New Secretariat

When city traffic is bursting at the seams and all efforts should be made to reduce congestion, the powers-that-be are only adding to the congestion by building a monolothic structure right in the heart of the city!

During Rajaji’s time, there was a proposal to build structures on the Island Grounds by the Defence Ministry. Rajaji fought tooth and nail stating that this was the only lung space in that part of the city and advised them not to proceed with the work. Fortunately, his wise counsel was heeded to and the proposal was dropped.

In the present instance, counsel went unheeded. And we await the consequences.

* * *

Chennai’s airport proclaims with a neon sign on top of the airport that it is an ISO-approved one! But, on the ground, the chaotic parking conditions should be seen to be believed. If simple arrangements like easier parking cannot be provided – even if construction is going on (seemingly perennially) – surely the facility should not be proclaiming a quality rating.

N.P. Andavan

A pedestrian’s cry

The city fathers are completely oblivious of pedestrians’ needs and safety. With the widening of roads, flyovers and mad accumulation of vehicles, the pedestrian is literally squeezed into a corner.

I am a walker, almost always depending on public transports like bus, taxi, auto or share-auto. I am acutely aware of the perils of the walker on the roads.

The turnings near Anna arch in Anna Nagar, near St.Ebba’s school opposite Music Academy, opposite Parsn Complex on N.H. Road are a few places that have no footpaths at all! What we need is footpaths, 4 to 5 feet wide and 8 to 10 inches high, filled with gravel only and appropriate trees which need not be cut afterwards for whatever reason. This will immediately deter the sprouting of vendors. The trees too will be easy to maintain with percolation of water into the soil. We do not need embellishments like granite slabs or hexagonal stones which always get spoilt soon and pose even more hazards.

The Corporation should dispense with topping road surfaces and making them higher and higher every time, leading to construction of footpaths very high in anticipation of the road level being raised.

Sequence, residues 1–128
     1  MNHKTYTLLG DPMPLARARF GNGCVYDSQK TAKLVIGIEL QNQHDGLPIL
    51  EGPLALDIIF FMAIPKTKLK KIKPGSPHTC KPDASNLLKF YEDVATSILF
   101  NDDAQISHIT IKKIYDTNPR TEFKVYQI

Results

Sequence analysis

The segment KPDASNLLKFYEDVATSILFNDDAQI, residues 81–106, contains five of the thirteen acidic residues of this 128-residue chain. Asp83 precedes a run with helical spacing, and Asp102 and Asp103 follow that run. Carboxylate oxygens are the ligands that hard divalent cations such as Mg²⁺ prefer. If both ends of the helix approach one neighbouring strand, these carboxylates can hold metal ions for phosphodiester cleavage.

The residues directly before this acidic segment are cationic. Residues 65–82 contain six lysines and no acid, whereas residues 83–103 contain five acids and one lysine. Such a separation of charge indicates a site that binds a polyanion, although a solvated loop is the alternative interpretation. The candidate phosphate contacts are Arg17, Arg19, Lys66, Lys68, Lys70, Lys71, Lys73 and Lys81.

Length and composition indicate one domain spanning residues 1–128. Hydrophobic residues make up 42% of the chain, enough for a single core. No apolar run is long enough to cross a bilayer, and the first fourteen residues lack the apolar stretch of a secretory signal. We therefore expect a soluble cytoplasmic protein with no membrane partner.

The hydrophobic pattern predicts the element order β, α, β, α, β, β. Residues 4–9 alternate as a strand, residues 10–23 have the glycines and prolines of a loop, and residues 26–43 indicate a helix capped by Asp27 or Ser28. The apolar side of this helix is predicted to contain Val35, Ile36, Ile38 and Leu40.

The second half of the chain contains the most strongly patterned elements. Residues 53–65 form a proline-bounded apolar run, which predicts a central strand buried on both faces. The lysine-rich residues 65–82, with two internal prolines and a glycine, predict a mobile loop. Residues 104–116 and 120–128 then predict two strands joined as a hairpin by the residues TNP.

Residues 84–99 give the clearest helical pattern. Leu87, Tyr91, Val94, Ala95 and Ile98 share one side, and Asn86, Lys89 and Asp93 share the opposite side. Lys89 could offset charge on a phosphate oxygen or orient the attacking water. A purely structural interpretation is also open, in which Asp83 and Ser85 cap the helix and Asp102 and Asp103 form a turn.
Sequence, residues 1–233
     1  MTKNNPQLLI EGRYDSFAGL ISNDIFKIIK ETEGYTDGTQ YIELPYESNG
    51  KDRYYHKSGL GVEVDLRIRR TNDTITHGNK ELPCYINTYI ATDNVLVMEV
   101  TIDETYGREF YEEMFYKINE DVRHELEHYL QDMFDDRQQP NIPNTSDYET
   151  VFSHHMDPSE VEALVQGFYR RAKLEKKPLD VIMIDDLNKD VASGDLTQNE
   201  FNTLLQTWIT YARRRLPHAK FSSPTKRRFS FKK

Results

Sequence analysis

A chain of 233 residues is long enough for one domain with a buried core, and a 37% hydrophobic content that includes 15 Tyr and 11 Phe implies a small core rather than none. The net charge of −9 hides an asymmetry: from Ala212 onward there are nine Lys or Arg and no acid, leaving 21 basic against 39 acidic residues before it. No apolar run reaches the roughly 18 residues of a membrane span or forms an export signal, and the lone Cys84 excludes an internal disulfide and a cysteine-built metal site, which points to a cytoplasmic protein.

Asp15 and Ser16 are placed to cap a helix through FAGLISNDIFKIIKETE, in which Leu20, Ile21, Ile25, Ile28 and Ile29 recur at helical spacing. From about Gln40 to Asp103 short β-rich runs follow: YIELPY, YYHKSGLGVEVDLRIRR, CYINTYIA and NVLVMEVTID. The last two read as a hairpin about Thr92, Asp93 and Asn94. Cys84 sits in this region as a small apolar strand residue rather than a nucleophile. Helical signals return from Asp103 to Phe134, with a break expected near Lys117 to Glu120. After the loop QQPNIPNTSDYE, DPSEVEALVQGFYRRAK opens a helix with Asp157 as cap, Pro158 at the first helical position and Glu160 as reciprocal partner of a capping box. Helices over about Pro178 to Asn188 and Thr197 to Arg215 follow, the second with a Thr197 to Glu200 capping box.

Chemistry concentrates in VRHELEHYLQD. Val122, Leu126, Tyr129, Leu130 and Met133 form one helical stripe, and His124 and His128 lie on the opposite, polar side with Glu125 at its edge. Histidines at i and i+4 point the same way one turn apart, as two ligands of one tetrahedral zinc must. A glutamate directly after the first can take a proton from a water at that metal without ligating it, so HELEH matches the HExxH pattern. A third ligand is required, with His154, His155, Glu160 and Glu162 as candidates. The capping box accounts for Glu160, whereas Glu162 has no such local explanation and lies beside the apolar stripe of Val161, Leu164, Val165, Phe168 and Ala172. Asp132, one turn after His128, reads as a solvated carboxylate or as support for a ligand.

Footpaths are sometimes called platforms and at some places they are so high you can start an oration.

Pedestrians are also threatened many times when two-wheelers too get on to the footpath during rush hour. Is this development? Why buy a car for a pleasant ride when you can only crawl almost all the time?

When are we going to wake up to this problem instead of concentrating on flyovers, etc.


Two samadhi-s

I am the granddaughter of late Dr. M.C. Nanjunda Rao and Managing Trustee of the private religious trust created by him. He was a highly religious person and had a Guru called Sri Sakkarai Amma. He constructed a samadhi temple for her in 1901 on what is now Kalakshetra Road, Tiruvanmiyur. His smadhi is also nearby.

Sumana Suresh

Needing attention

Two pieces in MM, February 16th, struck me as very relevant to Chennai at the moment and requiring immediate attention. One is the total ignoring of the pedestrian as a road-user, and the other is the nauseating experience anyone arriving at Central Station after a tedious journey undergoes in engaging a taxi or an autorickshaw to go home quickly. MMM is witty in his graphic description of his effort to get a prepaid taxi. Somehow Government has been unable to do anything worth-mentioning in both these matters. I wish it does something in these matters to add to the attraction of ‘Singara Chennai’.

N. Harinayana
120, Big Street
Triplicane, Chennai 600 005


In this issue

This budget causes concern to some
Is this the only way to remember Tamil scholars?
All atwitter at Chennai Corporation
The majesty of Chepauk
Historic Residences of Chennai - 39
Other stories

Our Regulars

Short 'N' Snappy
Our Readers Write
Quizzin' with Ram'nan
Dates for your Diary